Building on Dead Dreams 

Rejected novelist ventures into the funeral business.

Mary Patrick Kavanaugh got into the faux-funeral business after her first novel, Family Plots: Love, Death & Tax Evasion, got turned down by a string of publishers. A born pragmatist, Kavanaugh tried to take it in stride, but eventually fell into despair. The novel was her life's work, after all. She started it in 2001, upon enrolling in the University of San Francisco's MFA program for creative writing. Seven years, two mortgage refinances, and many writing retreats later, Family Plots was ready to go to press. But no one would take it. By July 2008, she had fifteen letters of rejection and one publisher giving her the brush-off.

Failure is hard, especially when you've come so close to success. And Kavanaugh had two ways to proceed. One was complacence: She could accept that the publishing world is not a meritocracy and spend the rest of her life groveling about it. The other was strategic: She could build a platform using her past disappointments as the foundation. Kavanaugh called it "turning life's crap into compost."

Last December, she threw a funeral for her rejected novel. Of course, there was no corpse to bury, so Kavanaugh filled the casket with ensigns of her dead dream: typed manuscripts, "dream vision boards," copies of Rhonda Byrne's The Secret. She invited guests to contribute their own dead dreams as well, which they did, in droves. "I was floored by the enthusiasm and remnants of personal and professional lives that ended up getting tossed," Kavanaugh wrote, e-mailing from Buenos Aires, where she spent the last couple of weeks checking out cemeteries. "Everything from a fully rendered original comic book to Hillary Clinton paraphernalia, love letters, scrub brushes, angry and funny letters to exes, torn photos, real money, a grammar book, and a resignation letter for a job held for years."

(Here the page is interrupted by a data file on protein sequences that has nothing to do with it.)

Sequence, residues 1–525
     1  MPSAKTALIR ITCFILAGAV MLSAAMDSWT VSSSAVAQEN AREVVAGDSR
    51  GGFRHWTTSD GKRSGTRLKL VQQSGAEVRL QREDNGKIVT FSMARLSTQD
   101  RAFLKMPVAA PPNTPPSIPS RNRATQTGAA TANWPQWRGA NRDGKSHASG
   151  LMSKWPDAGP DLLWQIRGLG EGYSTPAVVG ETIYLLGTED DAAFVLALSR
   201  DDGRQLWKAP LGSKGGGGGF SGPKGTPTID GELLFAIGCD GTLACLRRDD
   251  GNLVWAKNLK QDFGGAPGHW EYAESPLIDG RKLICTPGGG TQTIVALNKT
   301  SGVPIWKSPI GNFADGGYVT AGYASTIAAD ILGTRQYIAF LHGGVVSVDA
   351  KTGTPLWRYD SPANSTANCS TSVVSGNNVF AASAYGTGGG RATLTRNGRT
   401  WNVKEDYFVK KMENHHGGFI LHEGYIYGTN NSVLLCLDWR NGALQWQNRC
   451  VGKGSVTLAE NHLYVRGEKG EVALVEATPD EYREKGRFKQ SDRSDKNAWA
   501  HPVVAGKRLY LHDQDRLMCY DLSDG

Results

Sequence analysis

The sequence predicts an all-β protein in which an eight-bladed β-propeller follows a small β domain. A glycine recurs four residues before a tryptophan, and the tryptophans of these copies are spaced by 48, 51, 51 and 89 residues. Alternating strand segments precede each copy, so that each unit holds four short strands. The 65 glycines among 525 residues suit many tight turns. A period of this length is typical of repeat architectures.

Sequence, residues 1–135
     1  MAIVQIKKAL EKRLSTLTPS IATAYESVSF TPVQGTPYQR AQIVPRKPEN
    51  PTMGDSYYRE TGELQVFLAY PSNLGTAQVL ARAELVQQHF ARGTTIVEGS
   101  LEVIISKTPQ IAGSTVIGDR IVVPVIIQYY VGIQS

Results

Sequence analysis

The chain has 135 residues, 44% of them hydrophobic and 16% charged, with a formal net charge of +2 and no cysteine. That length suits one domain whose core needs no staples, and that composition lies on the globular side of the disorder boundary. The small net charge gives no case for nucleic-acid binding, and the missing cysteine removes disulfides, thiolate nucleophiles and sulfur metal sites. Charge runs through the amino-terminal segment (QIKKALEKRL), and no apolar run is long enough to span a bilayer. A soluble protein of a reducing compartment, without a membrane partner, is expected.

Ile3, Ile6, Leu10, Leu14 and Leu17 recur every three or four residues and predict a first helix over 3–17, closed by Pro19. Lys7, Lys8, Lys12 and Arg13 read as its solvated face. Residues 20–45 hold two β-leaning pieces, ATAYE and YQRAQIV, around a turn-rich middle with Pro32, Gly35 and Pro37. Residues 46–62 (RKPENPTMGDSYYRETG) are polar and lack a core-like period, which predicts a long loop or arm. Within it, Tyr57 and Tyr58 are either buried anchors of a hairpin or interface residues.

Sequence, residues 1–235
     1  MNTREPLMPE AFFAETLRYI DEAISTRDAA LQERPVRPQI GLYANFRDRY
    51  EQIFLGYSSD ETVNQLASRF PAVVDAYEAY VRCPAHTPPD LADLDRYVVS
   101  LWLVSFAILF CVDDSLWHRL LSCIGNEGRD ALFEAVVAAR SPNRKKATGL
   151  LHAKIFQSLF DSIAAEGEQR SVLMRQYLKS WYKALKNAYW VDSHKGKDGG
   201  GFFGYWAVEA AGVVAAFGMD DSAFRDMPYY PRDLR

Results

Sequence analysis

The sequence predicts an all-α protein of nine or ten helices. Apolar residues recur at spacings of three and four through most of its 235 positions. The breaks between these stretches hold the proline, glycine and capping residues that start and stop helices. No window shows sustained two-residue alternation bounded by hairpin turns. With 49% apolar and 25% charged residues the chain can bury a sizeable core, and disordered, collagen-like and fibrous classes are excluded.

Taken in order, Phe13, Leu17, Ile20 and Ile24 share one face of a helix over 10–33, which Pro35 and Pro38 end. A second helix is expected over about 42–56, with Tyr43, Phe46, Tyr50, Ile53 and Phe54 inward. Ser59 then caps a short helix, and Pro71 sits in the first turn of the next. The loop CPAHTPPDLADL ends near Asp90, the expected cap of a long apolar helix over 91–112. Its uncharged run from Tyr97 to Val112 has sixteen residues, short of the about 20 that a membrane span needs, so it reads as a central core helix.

Years in marketing taught Kavanaugh how to be aggressive and on-the-ball, but only recently did she try parlaying those skills into an alternative business venture. She wound up selling 91 books at last year's funeral, but more importantly she turned the idea of failure into a cult of personality. In the past year, Kavanaugh became better known as a regurgitator of dead dreams and purveyor of hope. The new role suits her. "When I chucked dreams for my novel into the casket last year, it also released a lot of pressure to succeed in any mainstream way," she wrote.

She'll throw another funeral on New Year's Eve. Once again, participants will cast off their grudges and look toward a cleaner future. The Reverend Up (aka James Jeffley) and Fairy of Forgiveness (aka Felicia Jeffley) will deliver sermons on the theme, followed by rapper Vivacious V. The producers will also lead a sing-along featuring pop tunes rewritten for the occasion. It happens Thursday, December 31, at Chapel of the Chimes (4499 Piedmont Ave., Oakland). 3-5 p.m., $35-$95. Proceeds benefit the George Mark Children's House, Jingletown Arts & Business Community, and youth programs at the East Bay Church of Religious Science.

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